by Tracy Chevalier
New Boy is Othello retold - the fifth in the Hogarth Shakespeare series where bestselling authors are commissioned to retell stories from Shakespeare. Tracy Chevalier did this one - fortunately, I have read some of her other works.
Chevalier sets this tragedy in a Washington, DC, school in May 1974, and the main characters are sixth-graders. According to an interview on YouTube (and her website),
I was 11 in 1974...I grew up in Washington, DC, and lived in an integrated neighborhood and went to a school that was about 80% black, and so I had the unusual experience of being a white minority. And I wanted to write about that, although I have flipped it ... the book opens with a black boy walking onto an all-white playground, and it's about what happens to him over the course of the day.
Chevalier of course simplified the story, removing most of the subplots, but the characters are still recognizable:
- Othello - "O" or Osei , the son of a Ghanan diplomat, whose name means "noble" in his language. He is the "new boy" of the title - this is his fourth school in at least three different cities in six years.
- Desdemona - Dee, short for Daniela, the most popular girl in the sixth grade, although her mother is very strict and she goes home for lunch every day. She is assigned by their teacher to take care of O on his first day.
- Iago - Ian, the clever sixth grade bully (and the villain of the play).
- Emilia - Mimi, Dee's best friend, now "going with" Ian although she wants out of it.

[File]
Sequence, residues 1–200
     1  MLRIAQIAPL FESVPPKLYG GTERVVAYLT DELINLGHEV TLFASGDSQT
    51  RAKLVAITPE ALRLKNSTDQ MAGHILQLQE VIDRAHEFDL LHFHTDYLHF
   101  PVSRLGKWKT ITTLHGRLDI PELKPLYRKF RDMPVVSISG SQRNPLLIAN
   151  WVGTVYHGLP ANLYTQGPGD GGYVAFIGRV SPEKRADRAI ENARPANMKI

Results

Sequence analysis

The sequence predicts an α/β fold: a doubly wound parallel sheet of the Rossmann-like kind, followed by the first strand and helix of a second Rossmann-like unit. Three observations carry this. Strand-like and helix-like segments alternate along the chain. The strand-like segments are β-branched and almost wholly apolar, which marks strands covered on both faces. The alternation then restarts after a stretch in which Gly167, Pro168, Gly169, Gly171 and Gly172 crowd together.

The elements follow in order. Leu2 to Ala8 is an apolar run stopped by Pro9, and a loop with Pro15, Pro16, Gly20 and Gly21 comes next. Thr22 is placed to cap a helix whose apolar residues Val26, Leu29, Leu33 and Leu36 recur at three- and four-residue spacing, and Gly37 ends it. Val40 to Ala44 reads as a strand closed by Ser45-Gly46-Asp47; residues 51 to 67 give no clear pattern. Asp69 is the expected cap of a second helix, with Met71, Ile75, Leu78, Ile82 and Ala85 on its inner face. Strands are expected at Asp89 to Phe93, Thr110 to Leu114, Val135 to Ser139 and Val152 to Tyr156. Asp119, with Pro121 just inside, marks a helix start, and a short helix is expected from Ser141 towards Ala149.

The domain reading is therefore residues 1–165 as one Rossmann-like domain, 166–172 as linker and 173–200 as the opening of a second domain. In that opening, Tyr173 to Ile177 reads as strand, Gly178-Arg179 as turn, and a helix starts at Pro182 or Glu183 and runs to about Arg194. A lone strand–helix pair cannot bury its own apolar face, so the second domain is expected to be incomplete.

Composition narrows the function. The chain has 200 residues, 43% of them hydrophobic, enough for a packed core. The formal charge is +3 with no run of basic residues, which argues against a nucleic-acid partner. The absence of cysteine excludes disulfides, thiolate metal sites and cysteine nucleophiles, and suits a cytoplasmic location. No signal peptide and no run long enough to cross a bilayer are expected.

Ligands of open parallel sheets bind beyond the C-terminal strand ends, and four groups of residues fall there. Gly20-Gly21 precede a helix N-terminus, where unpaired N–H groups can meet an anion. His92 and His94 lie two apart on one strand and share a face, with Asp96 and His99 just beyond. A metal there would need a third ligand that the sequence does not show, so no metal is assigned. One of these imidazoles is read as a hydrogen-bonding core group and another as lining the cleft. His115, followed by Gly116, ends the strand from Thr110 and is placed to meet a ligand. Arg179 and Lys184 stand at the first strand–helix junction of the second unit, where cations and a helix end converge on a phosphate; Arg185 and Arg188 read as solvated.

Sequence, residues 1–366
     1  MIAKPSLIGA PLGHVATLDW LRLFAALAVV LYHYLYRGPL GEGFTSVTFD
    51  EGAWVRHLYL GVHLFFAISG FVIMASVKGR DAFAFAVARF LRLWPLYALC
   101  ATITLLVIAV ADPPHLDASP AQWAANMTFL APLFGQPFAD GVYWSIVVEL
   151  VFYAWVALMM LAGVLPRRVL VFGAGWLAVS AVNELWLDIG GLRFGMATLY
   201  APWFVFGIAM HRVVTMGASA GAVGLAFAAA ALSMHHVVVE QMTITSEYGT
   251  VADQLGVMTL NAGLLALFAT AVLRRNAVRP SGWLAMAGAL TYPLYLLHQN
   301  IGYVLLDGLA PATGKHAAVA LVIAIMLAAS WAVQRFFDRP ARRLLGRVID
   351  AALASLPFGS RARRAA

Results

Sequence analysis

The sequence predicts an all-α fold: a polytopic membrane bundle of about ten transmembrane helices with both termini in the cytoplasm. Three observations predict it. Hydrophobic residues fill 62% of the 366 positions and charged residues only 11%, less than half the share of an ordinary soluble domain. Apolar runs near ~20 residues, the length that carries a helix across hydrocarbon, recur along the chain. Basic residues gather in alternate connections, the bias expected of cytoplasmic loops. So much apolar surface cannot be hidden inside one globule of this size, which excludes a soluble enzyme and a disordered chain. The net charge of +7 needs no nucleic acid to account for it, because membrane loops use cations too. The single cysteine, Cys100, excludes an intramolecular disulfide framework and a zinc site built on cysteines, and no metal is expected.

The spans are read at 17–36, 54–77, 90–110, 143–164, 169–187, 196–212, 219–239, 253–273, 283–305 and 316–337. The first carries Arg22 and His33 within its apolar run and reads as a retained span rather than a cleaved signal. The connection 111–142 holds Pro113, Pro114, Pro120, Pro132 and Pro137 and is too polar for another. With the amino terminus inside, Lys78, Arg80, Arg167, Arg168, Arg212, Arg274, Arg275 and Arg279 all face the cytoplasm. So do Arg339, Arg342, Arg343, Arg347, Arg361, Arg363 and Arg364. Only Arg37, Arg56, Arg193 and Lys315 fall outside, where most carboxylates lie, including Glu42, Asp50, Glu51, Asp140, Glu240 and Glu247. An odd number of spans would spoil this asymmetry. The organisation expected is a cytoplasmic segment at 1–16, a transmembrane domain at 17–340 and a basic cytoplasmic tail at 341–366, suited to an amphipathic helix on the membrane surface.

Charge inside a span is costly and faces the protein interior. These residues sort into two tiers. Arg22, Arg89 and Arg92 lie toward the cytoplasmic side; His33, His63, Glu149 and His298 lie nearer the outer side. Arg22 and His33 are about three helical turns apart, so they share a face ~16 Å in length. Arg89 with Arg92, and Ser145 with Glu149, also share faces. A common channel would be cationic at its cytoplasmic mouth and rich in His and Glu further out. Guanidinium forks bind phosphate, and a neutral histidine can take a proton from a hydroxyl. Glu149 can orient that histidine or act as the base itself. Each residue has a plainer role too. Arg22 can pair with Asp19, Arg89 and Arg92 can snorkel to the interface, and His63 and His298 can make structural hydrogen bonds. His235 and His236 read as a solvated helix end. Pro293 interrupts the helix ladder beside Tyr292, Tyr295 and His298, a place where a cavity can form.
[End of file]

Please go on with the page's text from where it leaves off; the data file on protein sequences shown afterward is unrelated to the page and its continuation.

- Cassio - Casper, the most popular boy in the sixth grade.
- Roderigo - Rod, Ian's sidekick, who has a crush on Dee.
- Bianca - Blanca, Dee's and Mimi's friend who is "going with" Casper.
- Brabantio - Mr. Brabant, the teacher for O, Dee, Casper, and Blanca, a Vietnam veteran.
- Lodovico - Miss Lode, the teacher for Ian, Mimi, and Rod.
- Montano - Miss Montano, the school nurse.
- Duke of Venice - Mrs. Duke, the school principal.
The handkerchief, the symbol of perceived betrayal in the original play, becomes a pencil case.
The book is divided into five sections - before school, morning recess, lunchtime, afternoon recess, and after school - corresponding with the five acts of Shakespeare's play. Each section begins with a jump rope chant. Chevalier said she especially enjoyed being able
...to reference ... the games we played, the slang we used, the candy we ate, how school worked, how I felt in school, and all that stuff came rushing back. It was it was a great experience and very different from what I normally ... write, historical novels that are set ... centuries ago and have nothing to do with me.
Nevertheless, Chevalier's experience with writing historical fiction has her including all sorts of period details from 1974 (songs, TV shows, etc.) that made me appreciate the setting even more.
I also loved the way she worked in the class preparing to perform A Midsummer Night's Dream (page 112). When Dee tells O she is playing Hermia, Ian overhears.
"Doesn't she fall in love with one boy after another?" Ian interjected. "She's fickle like that. Lucky boys."
"Only because of what you do. It's just magic," Dee explained, as O's face darkened. "It's a comedy, so it turns out alright in the end."
"Who do you play?" O demanded of Ian.
"He plays Puck," Dee said. "The head fairy who makes all the mischief happen."
So true! This is a tragedy of jealousy. Updating the story to the 1970s also highlights the prejudices that are still relevant today. I was in sixth grade just a few years before 1974 - and all the ever-changing friendships, crushes, and jealousies of that age ring true.
The book's ending is vague, but I think that is deliberate. Something bad happens (the play IS a tragedy, with three of the four main characters dead by the end, and the fourth is arrested), but it's not quite clear what.
© Amanda Pape - 2017
[I received this advance reader edition through the LibraryThing Early Reviewers program. It will be passed on to someone else to enjoy.]